StanChart, Citi Tighten Hong Kong Client Scrutiny

Editorial Staff 12 August 2020

StanChart, Citi Tighten Hong Kong Client Scrutiny

The US has slapped sanctions on a raft of people and China has retaliated against a number of US persons, requiring banks to juggle conflicting sets of rules. The US sanctions were initially imposed in reaction to China's new national security law imposed on Hong Kong.

Citigroup and Standard Chartered are intensifying their scrutiny of banking clients in Hong Kong in order to avoid breaching US sanctions on officials in the jurisdiction, a report said.

Citigroup is already suspending accounts linked to some of the 11 targeted individuals, Bloomberg quoted an unnamed person as saying. Standard Chartered is reviewing whether it has relationships with any of the officials and will monitor their transactions, the report said, quoting another unnamed source.

Standard Chartered declined to comment when contacted by this news service. It may update with what Citigroup says. The newswire report quoted Citigroup as saying “We regularly review client accounts around the world.”
Western banks face a difficult choice of how to retain their business in Hong Kong as well as expanding into the lucrative mainland Chinese market. The report noted that Chinese lenders such as Bank of China and Industrial & Commercial Bank of China are potentially vulnerable because they need dollars.

The report said that US sanctions ban banks from doing business with the penalised individuals. But complying with that order could put lenders directly at odds with the national security law Beijing recently imposed in Hong Kong, which stipulates that no sanctions or hostile actions can be applied against the city and mainland China.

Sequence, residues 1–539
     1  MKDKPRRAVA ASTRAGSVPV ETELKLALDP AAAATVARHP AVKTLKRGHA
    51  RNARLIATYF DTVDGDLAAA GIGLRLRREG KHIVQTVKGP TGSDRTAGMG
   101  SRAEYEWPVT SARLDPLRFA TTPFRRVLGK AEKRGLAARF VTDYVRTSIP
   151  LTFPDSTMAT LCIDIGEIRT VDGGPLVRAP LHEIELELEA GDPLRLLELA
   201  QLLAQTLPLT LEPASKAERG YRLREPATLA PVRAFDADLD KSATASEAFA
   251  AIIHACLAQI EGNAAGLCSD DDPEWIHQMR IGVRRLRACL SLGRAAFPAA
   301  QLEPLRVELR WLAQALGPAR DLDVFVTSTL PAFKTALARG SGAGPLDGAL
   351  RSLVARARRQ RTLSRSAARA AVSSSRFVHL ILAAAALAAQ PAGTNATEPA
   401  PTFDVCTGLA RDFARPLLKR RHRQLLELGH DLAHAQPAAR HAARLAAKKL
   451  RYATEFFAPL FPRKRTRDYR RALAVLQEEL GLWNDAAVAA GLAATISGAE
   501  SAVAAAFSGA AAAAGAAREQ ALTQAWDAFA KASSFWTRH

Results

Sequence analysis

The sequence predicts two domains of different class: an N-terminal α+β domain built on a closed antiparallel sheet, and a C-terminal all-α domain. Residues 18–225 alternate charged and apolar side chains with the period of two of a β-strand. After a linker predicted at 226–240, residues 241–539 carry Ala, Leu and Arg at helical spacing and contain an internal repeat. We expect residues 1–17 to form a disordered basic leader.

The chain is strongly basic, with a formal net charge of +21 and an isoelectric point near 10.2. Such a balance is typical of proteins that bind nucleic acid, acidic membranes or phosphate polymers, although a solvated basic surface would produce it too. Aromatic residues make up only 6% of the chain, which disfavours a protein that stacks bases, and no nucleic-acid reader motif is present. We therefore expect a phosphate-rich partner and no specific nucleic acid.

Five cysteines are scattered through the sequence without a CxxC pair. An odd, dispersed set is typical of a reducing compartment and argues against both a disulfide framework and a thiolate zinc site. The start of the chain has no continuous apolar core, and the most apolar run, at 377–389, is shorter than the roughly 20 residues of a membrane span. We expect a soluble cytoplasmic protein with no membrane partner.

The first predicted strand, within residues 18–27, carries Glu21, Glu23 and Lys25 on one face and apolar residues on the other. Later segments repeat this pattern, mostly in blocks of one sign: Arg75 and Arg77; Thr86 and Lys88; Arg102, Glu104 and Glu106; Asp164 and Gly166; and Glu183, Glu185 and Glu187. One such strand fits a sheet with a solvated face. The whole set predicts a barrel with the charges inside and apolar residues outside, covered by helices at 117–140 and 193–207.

The geopolitical issues created by China’s imposition of a national security law have caused difficulties for a number of banks and raised questions over whether HNW individuals and families will leave Hong Kong or move some or all of their assets from the jurisdiction. Standard Chartered and HSBC – both banks with strong historical ties to Asia – have both publicly supported China’s new law, prompting criticism from Western lawmakers.

The newswire report on the US sanctions said that they include Hong Kong Chief Executive Carrie Lam, Xia Baolong, director of the Hong Kong and Macau Affairs Office of China’s State Council, and Chris Tang, commissioner of the Hong Kong Police Force. China is sanctioning 11 US persons, including Senators Marco Rubio and Ted Cruz, Human Rights Watch Executive Director Kenneth Roth, and Michael Abramowitz, the president of Freedom House.

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